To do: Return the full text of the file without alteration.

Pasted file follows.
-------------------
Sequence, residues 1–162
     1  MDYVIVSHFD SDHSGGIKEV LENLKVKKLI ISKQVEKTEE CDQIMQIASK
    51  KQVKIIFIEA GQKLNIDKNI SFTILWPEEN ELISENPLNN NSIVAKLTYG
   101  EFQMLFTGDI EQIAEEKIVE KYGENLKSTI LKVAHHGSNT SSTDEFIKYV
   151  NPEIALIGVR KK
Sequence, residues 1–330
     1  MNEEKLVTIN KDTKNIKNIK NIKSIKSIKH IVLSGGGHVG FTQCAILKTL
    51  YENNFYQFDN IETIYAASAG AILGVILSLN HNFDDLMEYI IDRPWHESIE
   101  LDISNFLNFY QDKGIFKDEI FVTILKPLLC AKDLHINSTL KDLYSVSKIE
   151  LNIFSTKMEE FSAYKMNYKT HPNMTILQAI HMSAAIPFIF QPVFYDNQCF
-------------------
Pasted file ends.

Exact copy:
Sequence, residues 1–162
     1  MDYVIVSHFD SDHSGGIKEV LENLKVKKLI ISKQVEKTEE CDQIMQIASK
    51  KQVKIIFIEA GQKLNIDKNI SFTILWPEEN ELISENPLNN NSIVAKLTYG
   101  EFQMLFTGDI EQIAEEKIVE KYGENLKSTI LKVAHHGSNT SSTDEFIKYV
   151  NPEIALIGVR KK
Sequence, residues 1–330
     1  MNEEKLVTIN KDTKNIKNIK NIKSIKSIKH IVLSGGGHVG FTQCAILKTL
    51  YENNFYQFDN IETIYAASAG AILGVILSLN HNFDDLMEYI IDRPWHESIE
   101  LDISNFLNFY QDKGIFKDEI FVTILKPLLC AKDLHINSTL KDLYSVSKIE
   151  LNIFSTKMEE FSAYKMNYKT HPNMTILQAI HMSAAIPFIF QPVFYDNQCF